An 85-year-old woman with early dementia presents with a 5-year history of decreased vision and intermittent pain in one eye. In the past, she had phacoemulsification with intraocular lenses in both eyes. The diagnosis was pseudophakic bullous keratopathy or chronic corneal edema.
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Ophthalmologist Scott Wagenberg, MD, opted to perform endothelial keratoplasty, a treatment that’s become the standard of care for treating pseudophakic corneal edema.
According to Dr. Wagenberg, this surgical technique can be performed with relative ease. It only replaces damaged endothelial cells and Descemet’s layers, maintains the integrity of the host cornea and allows for quick visual recovery compared with other approaches. “We thought that this procedure would best alleviate the patient’s pain, and so we moved ahead with surgery,” says Dr. Wagenberg.
Visual acuity was limited to light perception. A slit lamp examination found diffuse corneal edema and superficial/deep diffuse corneal neovascularization from the 2 to 10 o’clock position. In addition, it showed diffuse corneal haze/opacity and significant superficial and deep stromal corneal neovascularization from the 4 to 6 o’clock position that extended through the visual axis.
Partial limbal stem cell deficiency from the 4 to 6 o’clock position was presumed but not confirmed by cytology. No significant funduscopic abnormalities were found when compared with the other eye. The bilateral intraocular pressure was 16.
Treatment consisted of recession of the conjunctiva and Tenon’s in the area of the superficial neovascularization. Dr. Wagenberg then performed an extensive superficial keratectomy, removing the irregular epithelium and superficial corneal neovascularization. He cauterized the area at the origin of the neovascularization, i.e., at the limbus in the area of the deep feeder vessels and posterior to the limbus in the area of the superficial feeder vessels.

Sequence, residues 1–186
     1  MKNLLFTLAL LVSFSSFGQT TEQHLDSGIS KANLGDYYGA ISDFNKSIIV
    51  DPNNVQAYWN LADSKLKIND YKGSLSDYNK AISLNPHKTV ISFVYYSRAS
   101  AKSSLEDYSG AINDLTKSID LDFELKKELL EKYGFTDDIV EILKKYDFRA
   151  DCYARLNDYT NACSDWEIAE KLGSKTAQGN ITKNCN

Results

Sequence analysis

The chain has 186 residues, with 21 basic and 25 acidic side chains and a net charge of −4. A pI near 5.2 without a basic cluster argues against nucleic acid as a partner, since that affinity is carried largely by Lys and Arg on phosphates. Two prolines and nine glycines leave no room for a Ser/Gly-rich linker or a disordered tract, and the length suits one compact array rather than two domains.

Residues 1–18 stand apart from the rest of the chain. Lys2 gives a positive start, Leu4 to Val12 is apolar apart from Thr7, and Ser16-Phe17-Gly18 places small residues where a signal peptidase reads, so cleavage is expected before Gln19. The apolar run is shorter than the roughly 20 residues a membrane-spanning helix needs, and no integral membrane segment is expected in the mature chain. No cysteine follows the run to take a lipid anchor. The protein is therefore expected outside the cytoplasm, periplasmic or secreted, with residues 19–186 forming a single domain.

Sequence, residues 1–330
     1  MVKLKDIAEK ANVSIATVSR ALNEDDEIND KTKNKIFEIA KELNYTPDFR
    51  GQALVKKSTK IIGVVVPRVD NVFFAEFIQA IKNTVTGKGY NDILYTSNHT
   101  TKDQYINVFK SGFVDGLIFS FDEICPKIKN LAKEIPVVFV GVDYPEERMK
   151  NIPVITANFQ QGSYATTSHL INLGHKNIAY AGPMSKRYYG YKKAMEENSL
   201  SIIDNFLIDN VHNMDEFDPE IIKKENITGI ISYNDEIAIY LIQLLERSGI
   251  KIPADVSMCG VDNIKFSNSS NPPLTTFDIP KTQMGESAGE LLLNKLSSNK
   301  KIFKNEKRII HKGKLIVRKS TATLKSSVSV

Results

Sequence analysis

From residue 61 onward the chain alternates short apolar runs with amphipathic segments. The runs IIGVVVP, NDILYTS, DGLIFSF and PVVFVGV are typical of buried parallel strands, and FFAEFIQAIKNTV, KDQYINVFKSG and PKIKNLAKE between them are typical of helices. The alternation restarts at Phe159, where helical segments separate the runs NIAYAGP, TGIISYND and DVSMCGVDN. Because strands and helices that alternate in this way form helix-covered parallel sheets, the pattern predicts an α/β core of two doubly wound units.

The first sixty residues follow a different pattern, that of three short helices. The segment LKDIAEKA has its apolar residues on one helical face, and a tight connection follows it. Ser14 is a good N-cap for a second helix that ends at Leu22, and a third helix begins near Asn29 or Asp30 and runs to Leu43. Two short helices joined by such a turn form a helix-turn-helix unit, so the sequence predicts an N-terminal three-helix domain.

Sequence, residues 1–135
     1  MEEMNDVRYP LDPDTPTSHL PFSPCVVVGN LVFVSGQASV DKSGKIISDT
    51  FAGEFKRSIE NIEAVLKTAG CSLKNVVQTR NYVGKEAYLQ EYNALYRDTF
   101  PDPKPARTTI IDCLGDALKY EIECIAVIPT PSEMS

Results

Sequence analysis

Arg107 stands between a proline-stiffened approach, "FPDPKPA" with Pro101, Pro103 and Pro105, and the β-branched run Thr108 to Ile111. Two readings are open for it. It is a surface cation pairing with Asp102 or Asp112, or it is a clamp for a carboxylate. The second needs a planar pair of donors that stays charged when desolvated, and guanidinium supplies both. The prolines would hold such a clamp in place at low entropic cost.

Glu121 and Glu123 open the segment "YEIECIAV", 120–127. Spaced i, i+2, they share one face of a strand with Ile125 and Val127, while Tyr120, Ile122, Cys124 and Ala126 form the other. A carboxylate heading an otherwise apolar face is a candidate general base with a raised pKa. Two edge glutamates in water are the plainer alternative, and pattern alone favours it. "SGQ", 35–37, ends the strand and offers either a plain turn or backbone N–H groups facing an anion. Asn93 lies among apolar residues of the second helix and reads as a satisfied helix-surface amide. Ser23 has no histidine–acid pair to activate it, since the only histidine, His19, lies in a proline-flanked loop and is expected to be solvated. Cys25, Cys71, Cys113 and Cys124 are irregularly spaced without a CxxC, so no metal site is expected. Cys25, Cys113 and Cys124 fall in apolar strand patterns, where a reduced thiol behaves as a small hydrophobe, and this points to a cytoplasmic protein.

After that, he used the Descemet’s stripping automated endothelial keratoplasty (DSAEK) surgical technique, followed by amniotic graft reconstruction of the limbus in the area of the deep vessels. A donor disc was folded in 60-40 taco with Healon in the interface and inserted into the anterior chamber with non-contact Goosey forceps. Dr. Wagenberg made drainage incisions, and the patient wore a ProKera contact lens for seven days.
By the following day, the patient had good adherence to the donor graft. Dr. Wagenberg removed the ProKera lens after one week. Postoperative vision improved. The best spectacle corrected visual acuity was 20/100 at one month, 20/70 at two months, 20/50 at six months, 20/30 at 18 months, 20/50+ at two years, and 20/40 at three years. The superficial and deep corneal neovascularization regressed after surgery and completely disappeared by two months. No evidence of recurrence took place after surgery. The corneal haze improved, and by three years was almost completely resolved.
“We treated to eliminate corneal neovascularization and restore endothelial cell function, the epithelium and epithelial basement membrane, and corneal transparency,” says Dr. Wagenberg. This case shows that proper epithelial and endothelial function can restore corneal clarity and maintain its avascularity.